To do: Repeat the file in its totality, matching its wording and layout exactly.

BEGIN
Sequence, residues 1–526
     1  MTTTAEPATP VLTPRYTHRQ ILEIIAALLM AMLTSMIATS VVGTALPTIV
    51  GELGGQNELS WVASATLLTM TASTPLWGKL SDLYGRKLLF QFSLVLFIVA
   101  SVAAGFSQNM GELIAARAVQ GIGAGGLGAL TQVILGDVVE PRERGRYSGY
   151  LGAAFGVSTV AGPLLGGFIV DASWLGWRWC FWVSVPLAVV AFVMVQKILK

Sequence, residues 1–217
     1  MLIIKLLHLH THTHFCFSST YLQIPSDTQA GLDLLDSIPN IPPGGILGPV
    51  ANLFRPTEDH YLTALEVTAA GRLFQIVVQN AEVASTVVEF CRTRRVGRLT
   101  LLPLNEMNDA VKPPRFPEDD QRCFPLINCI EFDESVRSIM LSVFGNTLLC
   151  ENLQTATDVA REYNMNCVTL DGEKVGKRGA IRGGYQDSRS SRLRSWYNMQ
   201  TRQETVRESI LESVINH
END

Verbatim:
Sequence, residues 1–526
     1  MTTTAEPATP VLTPRYTHRQ ILEIIAALLM AMLTSMIATS VVGTALPTIV
    51  GELGGQNELS WVASATLLTM TASTPLWGKL SDLYGRKLLF QFSLVLFIVA
   101  SVAAGFSQNM GELIAARAVQ GIGAGGLGAL TQVILGDVVE PRERGRYSGY
   151  LGAAFGVSTV AGPLLGGFIV DASWLGWRWC FWVSVPLAVV AFVMVQKILK

Sequence, residues 1–217
     1  MLIIKLLHLH THTHFCFSST YLQIPSDTQA GLDLLDSIPN IPPGGILGPV
    51  ANLFRPTEDH YLTALEVTAA GRLFQIVVQN AEVASTVVEF CRTRRVGRLT
   101  LLPLNEMNDA VKPPRFPEDD QRCFPLINCI EFDESVRSIM LSVFGNTLLC
   151  ENLQTATDVA REYNMNCVTL DGEKVGKRGA IRGGYQDSRS SRLRSWYNMQ
   201  TRQETVRESI LESVINH